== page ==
OfCom has published a report on online piracy, which found that the practice is becoming less common and that pirates tend to spend more on legitimate content than non-pirates. The research, which was not funded by the entertainment industry, was conducted by Kantar Media among 21,474 participants and took place in 2012 across four separate stages. Over that time, the ratio of legal to illegal content fell — confirming a suspected trend as legal streaming options became more available. It also confirmed another suspicion — that a relatively small number of web users are responsible for most piracy. In OfCom’s data, just two percent of users conducted three quarters of all piracy. Ofcom described piracy as “a minority activity”. Of those surveyed, 58 percent accessed music, movie or TV content online, while 17 percent accessed illegal content sources. Those who admitted pirating content spent on average £26 every three months on legitimate content, set against an average spend of £16 among non-pirates.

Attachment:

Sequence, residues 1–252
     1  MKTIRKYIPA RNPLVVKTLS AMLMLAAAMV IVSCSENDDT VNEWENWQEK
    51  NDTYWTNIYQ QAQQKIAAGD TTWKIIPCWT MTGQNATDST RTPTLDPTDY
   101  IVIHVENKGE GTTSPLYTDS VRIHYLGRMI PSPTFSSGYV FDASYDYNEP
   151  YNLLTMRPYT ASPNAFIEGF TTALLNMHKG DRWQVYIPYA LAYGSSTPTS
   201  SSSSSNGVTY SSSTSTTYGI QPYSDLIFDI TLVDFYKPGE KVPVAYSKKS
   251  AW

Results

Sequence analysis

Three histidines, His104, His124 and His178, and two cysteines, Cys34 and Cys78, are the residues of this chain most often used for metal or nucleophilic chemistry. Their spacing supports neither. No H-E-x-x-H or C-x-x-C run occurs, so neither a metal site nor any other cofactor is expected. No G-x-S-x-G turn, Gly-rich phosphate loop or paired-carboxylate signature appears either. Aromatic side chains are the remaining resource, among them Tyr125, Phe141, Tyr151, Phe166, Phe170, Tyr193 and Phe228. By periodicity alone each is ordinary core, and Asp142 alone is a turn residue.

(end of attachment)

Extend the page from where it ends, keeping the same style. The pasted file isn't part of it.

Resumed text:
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‘A counting Bloom filter (CBF) generalizes a Bloom filter data structure so as to allow membership queries on a set that can be changing dynamically via insertions and deletions. As with a Bloom filter, a CBF obtains space savings by allowing false positives. We provide a simple hashing-based alternative based on d-left hashing called a d-left CBF (dlCBF). The dlCBF offers the same functionality as a CBF, but uses less space, generally saving a factor of two or more. We describe the construction of dlCBFs, provide an analysis, and demonstrate their effectiveness experimentally’
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